Andrew Torgashev is ready to make Grand Prix debut at Skate America

By Scott Mammoser, Team FSO staff writer
Header photo by Yoriko Suzuki

Not only does this weekend’s Skate America begin the ISU Grand Prix of Figure Skating Series, it will be the first senior Grand Prix event for Andrew Torgashev. The 22-year-old American is coming off a season that saw him win bronze at the U.S. National Championships and skate in his first World Championships. The competition will be Friday through Sunday at the Credit Union of Texas Event Center in Allen, Texas.

“I have tried to prepare as best as I can,” Torgashev told Figure Skaters Online ahead of Skate America. “It is still early in the season. I have done a lot to try and prepare for this, so I am excited to go there and show what I have been working on. It’s been a goal for a while to have my first Grand Prix, and it is good to have this opportunity now.”

Torgashev began his 2023-2024 season in early September with a bronze medal from the ISU Challenger Series event, Lombardia Trophy in Bergamo, Italy. He posted personal bests in both the short (86.41) and long (146.85) programs for a combined score of 233.26. Olympic silver medalist Yuma Kagiyama won the event.

“I always try to prepare as best as I can in training, so when I am there, I can just focus on competing,” Torgashev said. “I prepared for that score (at the Lombardia Trophy), and it is a realistic skate for what I have been preparing. The short program was above what I was training, so that was a good one to experience. Third at a Challenger was a nice way to start the season.”

The bronze medal was Torgashev’s first on the Challenger Series since placing with a silver in China at the Asian Open four years earlier. Ankle surgery cost the 2015 U.S. junior champion two seasons. Now he appears back in top form.

“I am building content in the program to compete with the top 10 at Worlds,” said the Florida native who now trains in Irvine, California with Rafael Arutyunyan. “In terms of injury, I don’t think we are ever safe. It’s always something to be very mindful of. Especially, if we are trying to add more quads into the program and more difficulty, it requires more loads in training. Overall, I feel more confident.”

Choreographer Shae-Lynn Bourne is someone Torgashev really admires, so when the former Canadian Olympic ice dancer suggested “L’enfer” by Stromae for this season’s short program, he was thrilled. Torgashev said he listened to the music about 20 times as soon as Bourne sent it to him.

“My goal last year before Nationals was to skate of a quality where Shae-Lynn would do a program with me for the next season,” Torgashev said. “I am glad it worked out. This (short program) is about dealing with loneliness and all of these thoughts in your mind. This one is very dear to my heart, and it is a joy to train. I can speak only highly of Shae-Lynn. My words can’t do her justice. It’s an honor to have her do that program.”

Misha Ge, two-time Olympian from Uzbekistan, choreographed Torgashev’s free skate, which is to two Muse songs, “The Void” and “Madness.”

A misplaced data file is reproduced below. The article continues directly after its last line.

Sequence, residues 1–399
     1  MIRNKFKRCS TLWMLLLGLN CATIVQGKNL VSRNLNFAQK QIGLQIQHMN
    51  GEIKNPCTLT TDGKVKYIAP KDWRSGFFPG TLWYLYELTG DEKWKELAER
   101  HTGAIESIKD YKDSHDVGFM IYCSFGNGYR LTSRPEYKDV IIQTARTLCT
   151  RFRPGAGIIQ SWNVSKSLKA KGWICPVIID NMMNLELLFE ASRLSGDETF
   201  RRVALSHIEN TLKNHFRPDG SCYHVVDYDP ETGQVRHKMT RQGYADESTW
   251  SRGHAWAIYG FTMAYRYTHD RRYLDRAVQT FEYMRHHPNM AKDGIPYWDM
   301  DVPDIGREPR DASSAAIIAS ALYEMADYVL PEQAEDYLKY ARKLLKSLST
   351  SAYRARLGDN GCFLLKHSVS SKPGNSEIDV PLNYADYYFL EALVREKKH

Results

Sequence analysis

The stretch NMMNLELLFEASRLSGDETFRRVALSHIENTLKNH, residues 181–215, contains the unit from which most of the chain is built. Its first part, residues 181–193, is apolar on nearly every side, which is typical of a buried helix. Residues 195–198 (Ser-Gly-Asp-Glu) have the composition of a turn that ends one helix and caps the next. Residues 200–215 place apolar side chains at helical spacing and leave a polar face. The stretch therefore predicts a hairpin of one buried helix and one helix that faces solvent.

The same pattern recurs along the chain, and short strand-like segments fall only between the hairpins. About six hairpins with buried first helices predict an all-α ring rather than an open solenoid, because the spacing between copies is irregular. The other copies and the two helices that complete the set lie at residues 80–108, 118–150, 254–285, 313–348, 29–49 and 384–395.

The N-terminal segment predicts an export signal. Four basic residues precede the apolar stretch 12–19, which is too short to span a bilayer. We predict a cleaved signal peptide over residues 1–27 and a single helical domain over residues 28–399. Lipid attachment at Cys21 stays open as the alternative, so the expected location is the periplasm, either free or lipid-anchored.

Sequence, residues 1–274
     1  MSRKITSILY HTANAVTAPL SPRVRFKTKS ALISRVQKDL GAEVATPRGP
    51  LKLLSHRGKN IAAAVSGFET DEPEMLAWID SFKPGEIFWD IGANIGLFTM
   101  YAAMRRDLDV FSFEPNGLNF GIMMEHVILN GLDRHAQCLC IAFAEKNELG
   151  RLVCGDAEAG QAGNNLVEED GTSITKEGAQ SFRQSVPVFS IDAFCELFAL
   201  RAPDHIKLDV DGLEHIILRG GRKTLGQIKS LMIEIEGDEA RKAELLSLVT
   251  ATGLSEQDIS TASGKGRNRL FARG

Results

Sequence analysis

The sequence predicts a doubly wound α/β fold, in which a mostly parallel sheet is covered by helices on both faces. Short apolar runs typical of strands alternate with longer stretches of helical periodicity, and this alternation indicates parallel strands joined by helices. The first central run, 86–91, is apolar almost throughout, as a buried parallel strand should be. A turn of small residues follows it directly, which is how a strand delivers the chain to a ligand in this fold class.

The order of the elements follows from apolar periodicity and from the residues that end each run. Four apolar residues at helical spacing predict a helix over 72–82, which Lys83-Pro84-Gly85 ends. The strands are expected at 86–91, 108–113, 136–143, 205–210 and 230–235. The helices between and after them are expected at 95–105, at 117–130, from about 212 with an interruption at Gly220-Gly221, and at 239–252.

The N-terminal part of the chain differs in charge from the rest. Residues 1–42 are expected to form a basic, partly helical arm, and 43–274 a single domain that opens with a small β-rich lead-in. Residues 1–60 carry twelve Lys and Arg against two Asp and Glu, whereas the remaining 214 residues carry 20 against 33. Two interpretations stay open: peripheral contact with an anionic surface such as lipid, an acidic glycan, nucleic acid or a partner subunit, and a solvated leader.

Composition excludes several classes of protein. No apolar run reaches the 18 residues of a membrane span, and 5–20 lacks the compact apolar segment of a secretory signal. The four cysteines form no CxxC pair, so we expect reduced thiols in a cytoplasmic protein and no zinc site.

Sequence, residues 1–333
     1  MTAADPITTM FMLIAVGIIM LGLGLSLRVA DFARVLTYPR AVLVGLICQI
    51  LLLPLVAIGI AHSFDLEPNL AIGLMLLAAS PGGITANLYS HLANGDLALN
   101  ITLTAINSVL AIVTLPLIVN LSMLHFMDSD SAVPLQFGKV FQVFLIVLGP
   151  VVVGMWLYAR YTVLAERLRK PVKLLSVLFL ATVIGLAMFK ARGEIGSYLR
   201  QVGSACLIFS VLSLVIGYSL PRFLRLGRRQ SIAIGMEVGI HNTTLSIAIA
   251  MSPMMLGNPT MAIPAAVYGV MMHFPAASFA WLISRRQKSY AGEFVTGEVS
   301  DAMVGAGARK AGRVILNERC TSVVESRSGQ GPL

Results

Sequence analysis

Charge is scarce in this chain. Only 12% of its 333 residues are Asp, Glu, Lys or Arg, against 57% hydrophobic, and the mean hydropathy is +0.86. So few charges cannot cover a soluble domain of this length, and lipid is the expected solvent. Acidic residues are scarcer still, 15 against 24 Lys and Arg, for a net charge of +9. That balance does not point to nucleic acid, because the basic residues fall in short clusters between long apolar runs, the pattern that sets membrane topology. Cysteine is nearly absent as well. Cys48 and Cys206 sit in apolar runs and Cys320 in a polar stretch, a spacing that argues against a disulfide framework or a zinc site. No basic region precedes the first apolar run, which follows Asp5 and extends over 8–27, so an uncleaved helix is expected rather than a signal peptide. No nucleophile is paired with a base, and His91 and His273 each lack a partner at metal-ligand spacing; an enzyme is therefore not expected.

“The story of the program is freedom and trying to let go of the past and just letting myself skate freely,” Torgashev explained. “It’s difficult with jumps and everything to completely perform choreography and technically, but it’s our jobs.

“In the free, I will go for two Axels, I will go for a (quad) toe. I may go for a (quad) Sal(chow). It’s all about the training process. It will get there, but right now, it’s still shaky in my opinion. In the short, I will go for one quad, whether it be toe or Sal(chow) and (triple) Axel in the second half.”

In addition to the choreography, Torgashev added that he would not be where he is without Rafael Arutyunyan, complementing the venerable coach’s knowledge and demanding motivational techniques.

Skate America will also match Torgashev with Ilia Malinin, the defending U.S. champion and World bronze medalist. Torgashev mentioned that the Virginia-based Malinin does sometimes visit the Irvine, Calif., rink to train with Arutyunyan.

“What he’s doing is almost unreal,” Torgashev said of Malinin. “Sometimes, I have to stay realistic of what I am capable of.”

Other competitors in the men’s competition at Skate America include: Kevin Aymoz of France, Shun Sato of Japan, Deniss Vasiljevs of Latvia, and Stephen Gogolev of Canada.

“I think there are some good guys in this competition,” Torgashev added. “I think it will be fun to compete with them. In terms of competing, I think it is always exciting, and this is an important competition, and it is in the U.S.”

Though he has a bye to the U.S. Championships, Torgahsev said he has elected to compete in Sectionals. However, since Eastern Sectionals is just a two weeks after Skate America, Torgashev said he may forgo competing at Sectionals to focus on another competition. As of now, his next event will be the U.S. Championships in Columbus, Ohio in January, but he noted he will be prepared for any other possible Grand Prix or Challenger Series events.